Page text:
The limited nature of the riots

The riots themselves were actually of fairly short duration, scattered across a number of major cities in England,[3] and, with some notable exceptions, causing relatively little lasting damage.[4] In all, it has been reported that about 15,000 took part, but few of the individual incidents seem to have involved very large numbers. The figures collated of those arrested gives a picture of those involved as being mainly young males, from the most deprived areas of the cities involved and often with histories of previous convictions.[5] However, as Aufheben point out in their useful empirical examination of the riots this partly reflects the fact that it was easier to arrest those already known to the police who allowed their faces to be seen.[6]

The primary target seems to have been the acquisition of commodities, usually through breaking into shops, principally large retail chains but also smaller ‘local’ shops. The destruction of people’s homes seems to have been a result of thoughtlessness and indifference rather than deliberate targeting. The police and other symbols of the state were also targets, with the rioters interviewed particularly emphasising this aspect. To a lesser extent ‘the rich’ were also targeted, although it is unclear how intentional this actually was or whether this was a consequence of going after the more expensive commodities in such areas.[7]

Interviews with young people either involved in the riots or living in the areas where they occurred give a mix of explanations, but there is a stress on the lack of hope in the future and the anger this provokes: “People are angry, some people wanted to get the government to listen, some are angry but don’t know why yet ... the younger ones anyway, they’ve got the same shit to come as us, nowhere to go and it will be worse by the time they’re 17 and 18.”;[8] “I’m not saying I know why people kicked off, but I do think most people ... and kids are angry, angry about jobs, no housing, no training... just that theres no help, no way to do better”;[9] “[the looting] was an opportunity to stick two fingers up at the police… People have no respect [for the police] because the police have no respect ... they abuse the badge.”[10] This chimes with research undertaken for the government: “The document said they [the participants in the riots] were motivated by ‘the thrill of getting free stuff – things they wouldn’t otherwise be able to have’, and antipathy towards the police. The death of Mark Duggan, whose shooting by police initially prompted protests in Tottenham on 6 August, which were followed by rioting, motivated some in London to ‘get back’ at the police, the report said. It added: ‘Outside London, the rioting was not generally attributed to the Mark Duggan case. However, the attitude and behaviour of the police locally was consistently cited as a trigger outside as well as within London.’”[11]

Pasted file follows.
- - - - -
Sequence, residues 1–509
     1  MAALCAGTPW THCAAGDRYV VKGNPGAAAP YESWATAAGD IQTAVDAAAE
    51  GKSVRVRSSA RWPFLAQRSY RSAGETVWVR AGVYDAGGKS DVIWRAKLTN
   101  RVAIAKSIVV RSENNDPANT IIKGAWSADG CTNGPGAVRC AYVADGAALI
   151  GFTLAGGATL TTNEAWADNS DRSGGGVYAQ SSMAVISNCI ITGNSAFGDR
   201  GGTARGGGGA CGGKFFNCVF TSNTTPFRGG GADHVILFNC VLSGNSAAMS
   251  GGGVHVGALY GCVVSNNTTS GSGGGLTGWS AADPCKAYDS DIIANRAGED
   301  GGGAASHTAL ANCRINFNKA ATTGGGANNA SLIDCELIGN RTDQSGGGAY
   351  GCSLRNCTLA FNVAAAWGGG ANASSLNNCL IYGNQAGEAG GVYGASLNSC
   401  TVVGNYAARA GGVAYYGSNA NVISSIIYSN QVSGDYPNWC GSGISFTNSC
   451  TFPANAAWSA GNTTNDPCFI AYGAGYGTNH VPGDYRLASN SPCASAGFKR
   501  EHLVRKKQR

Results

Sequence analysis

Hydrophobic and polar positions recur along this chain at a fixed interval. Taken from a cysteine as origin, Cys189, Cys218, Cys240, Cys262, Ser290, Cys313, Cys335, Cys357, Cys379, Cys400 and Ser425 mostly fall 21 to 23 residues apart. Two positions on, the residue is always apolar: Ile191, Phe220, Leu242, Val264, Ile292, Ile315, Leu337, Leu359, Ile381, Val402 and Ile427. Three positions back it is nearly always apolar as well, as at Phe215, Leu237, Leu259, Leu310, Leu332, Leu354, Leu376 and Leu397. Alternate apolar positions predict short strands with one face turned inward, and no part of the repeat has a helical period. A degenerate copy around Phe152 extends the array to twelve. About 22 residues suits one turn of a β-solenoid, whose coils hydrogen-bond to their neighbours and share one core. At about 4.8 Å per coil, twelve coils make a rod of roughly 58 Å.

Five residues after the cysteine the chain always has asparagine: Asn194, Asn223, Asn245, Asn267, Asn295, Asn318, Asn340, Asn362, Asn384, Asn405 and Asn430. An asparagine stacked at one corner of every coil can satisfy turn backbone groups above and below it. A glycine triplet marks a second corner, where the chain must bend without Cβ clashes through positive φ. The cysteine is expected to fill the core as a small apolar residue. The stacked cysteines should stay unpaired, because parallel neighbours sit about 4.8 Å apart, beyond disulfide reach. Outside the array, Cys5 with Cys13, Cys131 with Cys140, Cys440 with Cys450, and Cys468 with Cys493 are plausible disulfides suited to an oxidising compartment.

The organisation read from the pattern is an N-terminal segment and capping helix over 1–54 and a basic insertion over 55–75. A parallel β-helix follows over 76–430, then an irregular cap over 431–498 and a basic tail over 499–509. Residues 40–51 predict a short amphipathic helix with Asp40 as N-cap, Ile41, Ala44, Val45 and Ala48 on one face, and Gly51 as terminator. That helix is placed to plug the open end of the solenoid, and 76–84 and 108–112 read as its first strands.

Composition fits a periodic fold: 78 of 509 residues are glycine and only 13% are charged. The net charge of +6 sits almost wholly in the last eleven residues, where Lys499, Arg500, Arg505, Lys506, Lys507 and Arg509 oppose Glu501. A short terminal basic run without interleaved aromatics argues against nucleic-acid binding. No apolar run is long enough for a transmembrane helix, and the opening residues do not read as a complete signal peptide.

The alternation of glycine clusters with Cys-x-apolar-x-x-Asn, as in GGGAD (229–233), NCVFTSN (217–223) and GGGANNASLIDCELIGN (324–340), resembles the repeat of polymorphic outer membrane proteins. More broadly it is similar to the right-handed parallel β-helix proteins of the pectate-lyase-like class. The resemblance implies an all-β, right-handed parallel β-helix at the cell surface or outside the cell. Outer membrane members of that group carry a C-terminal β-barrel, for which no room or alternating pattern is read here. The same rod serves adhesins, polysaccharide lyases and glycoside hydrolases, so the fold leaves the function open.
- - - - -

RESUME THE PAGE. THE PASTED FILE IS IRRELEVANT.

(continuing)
This is not to belittle the physical harm suffered by those innocently caught up in the events or targeted by those involved, nor the distress of those who lost their homes and livelihoods. For some of those individuals the impact has been devastating and will remain with them for the rest of their lives. However, every day now workers are losing their livelihoods and their homes as a result of the attacks of the ruling class and many will never recover. Of this the bourgeoisie says nothing, or merely that it is the price “we” have to pay for the extravagance of yesterday and the promise of tomorrow. 

The riots damaged the working class not capitalism

How do this summer’s riots relate to the framework we have set out?